Democrats were quick to laud the forecast, saying it validated their policies and public spending programs.
Sen. Rob Wagner, D-Lake Oswego and state Senate majority leader, said: “Oregon’s economy is still strong. Oregon Senate Democrats’ investments in housing, education and child care are showing results.”
He did not give any details, but under Democratic leadership and amid a booming economy, the state Legislature has allocated millions of extra dollars for health care, housing and other programs.
State House Majority Leader Rep. Julie Fahey, D-Eugene, also commented on the forecast. “Today’s revenue forecast demonstrates steady growth in our economy and shows why we must continue to invest in working and low-income Oregonians, as well as small businesses,” Fahey said. “That means focusing our investments on driving down the cost of living, addressing the ongoing affordable housing crisis, creating stronger schools, improving our child care infrastructure, and supporting small businesses.”
Gov. Kate Brown also commented: “With rising costs of living continuing to impact Oregon families and businesses, the Legislature can, in the budget for the next biennium, build on the investments we made in the last session––particularly in housing, workforce development, behavioral health, and child care.”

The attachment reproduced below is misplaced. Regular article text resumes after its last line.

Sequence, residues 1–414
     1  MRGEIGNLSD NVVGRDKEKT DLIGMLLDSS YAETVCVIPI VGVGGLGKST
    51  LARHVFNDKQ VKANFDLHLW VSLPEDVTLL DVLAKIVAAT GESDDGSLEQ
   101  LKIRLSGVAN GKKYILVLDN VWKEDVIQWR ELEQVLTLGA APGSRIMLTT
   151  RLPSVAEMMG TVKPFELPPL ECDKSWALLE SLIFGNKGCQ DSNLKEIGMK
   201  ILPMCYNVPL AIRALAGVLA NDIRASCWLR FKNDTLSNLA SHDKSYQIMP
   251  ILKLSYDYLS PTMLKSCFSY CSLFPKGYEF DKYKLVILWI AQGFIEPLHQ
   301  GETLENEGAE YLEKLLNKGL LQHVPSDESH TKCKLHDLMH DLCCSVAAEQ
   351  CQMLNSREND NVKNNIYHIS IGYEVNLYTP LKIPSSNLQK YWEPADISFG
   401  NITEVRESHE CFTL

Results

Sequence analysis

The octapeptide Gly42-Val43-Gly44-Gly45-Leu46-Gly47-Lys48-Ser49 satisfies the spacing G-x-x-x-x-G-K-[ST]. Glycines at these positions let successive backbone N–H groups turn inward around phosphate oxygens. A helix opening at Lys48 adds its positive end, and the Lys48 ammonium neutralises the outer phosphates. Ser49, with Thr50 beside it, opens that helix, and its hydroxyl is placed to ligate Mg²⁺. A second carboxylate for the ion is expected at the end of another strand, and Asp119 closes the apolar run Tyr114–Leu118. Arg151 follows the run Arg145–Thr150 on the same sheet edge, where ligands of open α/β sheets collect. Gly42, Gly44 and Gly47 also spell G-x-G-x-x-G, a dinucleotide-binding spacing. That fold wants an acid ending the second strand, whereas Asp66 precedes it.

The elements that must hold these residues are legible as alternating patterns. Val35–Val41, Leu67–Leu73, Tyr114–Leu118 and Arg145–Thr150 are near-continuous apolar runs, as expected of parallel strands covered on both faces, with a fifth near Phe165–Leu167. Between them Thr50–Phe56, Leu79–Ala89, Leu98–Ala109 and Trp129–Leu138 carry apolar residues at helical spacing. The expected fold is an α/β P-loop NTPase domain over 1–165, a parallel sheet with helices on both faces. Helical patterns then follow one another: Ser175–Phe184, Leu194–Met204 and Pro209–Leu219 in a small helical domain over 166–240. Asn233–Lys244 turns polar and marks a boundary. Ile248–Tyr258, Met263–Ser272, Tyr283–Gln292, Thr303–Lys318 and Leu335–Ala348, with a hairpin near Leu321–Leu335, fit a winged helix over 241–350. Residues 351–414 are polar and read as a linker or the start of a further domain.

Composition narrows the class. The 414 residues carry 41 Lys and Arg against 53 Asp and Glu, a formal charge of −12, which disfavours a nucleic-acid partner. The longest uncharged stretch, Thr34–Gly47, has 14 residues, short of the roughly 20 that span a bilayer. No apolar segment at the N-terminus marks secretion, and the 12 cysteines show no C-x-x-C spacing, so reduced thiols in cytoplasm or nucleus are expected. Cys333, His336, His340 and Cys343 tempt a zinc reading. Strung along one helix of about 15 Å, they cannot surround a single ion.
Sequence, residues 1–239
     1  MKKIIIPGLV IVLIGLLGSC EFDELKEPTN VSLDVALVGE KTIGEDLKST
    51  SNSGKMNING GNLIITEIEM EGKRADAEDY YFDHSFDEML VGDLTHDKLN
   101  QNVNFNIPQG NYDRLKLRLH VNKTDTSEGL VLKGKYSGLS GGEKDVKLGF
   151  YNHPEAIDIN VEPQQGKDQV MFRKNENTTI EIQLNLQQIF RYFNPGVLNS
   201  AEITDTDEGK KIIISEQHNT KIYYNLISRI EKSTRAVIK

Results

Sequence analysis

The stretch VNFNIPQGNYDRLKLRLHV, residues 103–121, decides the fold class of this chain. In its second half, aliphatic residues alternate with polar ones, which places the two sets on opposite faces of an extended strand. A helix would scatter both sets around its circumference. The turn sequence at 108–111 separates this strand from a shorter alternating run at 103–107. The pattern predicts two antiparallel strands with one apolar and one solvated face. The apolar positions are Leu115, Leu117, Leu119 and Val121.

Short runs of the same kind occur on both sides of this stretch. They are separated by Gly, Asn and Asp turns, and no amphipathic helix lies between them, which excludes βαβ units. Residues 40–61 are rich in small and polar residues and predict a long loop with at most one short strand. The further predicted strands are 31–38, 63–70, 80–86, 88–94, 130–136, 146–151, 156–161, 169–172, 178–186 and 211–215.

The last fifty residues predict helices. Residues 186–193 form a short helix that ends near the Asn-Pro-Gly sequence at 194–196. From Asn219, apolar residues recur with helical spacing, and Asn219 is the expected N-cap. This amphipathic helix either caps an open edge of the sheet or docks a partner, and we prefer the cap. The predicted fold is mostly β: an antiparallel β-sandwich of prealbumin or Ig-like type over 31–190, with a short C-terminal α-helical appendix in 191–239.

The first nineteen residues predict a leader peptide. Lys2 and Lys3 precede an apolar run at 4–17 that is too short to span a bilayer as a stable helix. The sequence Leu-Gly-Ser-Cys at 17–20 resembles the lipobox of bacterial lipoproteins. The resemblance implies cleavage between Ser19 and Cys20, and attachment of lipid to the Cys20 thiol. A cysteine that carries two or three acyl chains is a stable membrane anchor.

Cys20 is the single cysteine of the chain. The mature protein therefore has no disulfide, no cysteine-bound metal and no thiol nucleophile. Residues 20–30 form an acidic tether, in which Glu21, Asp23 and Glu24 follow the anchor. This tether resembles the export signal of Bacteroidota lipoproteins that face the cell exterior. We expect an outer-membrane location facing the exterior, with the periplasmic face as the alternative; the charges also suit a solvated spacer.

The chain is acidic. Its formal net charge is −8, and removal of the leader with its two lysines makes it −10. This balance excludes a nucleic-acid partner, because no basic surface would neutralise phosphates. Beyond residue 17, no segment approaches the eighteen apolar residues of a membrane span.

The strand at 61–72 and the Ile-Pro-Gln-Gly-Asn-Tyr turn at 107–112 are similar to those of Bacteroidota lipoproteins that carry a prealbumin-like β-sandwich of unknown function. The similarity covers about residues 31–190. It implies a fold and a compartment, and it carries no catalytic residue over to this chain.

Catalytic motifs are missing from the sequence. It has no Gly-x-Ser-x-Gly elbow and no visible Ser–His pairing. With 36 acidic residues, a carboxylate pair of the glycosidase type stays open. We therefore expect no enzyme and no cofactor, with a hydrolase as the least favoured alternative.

The forecast said Oregon’s government revenues and strong economic activity are being driven by a range of factors.
“Although growth in labor income has been very strong, much of the 2022 flood of personal income tax collections (by the state) can be traced to nonwage forms of income,” the forecast said. Nonwage income includes business and rental income, dividends, capital gains and retirement account withdrawals.
“As tax returns for high-income extension filers are now beginning to trickle in, this growth in business and investment income is revealed to be stronger by the day,” forecasters said.
Households not only have enjoyed wage increases, but they also have accumulated savings from earlier in the pandemic while debt has stayed below historic trends, the forecast said.
“Consumers really have no shortage of firepower if they want to spend and are not worried about potential job losses in the future,” the forecast said.
Oregon’s public policies play an important role in inflation, the forecast said.
Many workplace labor contracts are loosely tied to inflation, and higher inflation “may lead to larger wage increases for public workers moving forward,” it said.
Oregon’s minimum wage has been ratcheted up in recent years in a series of bumps, and starting in 2023 will be tied to the consumer price index, which will rise with inflation. The index tracks the cost of goods and services. The forecast anticipates the minimum wage will rise 5% effective July 1.
Oregon’s rent stabilization law will likely allow rent increases in 2023 of about 14%, the forecast said.
Oregon’s unemployment rate, now at about 4%, will likely rise to about 4.6% by late 2024, the forecast said. “This is what a soft landing would look like,” the forecast said.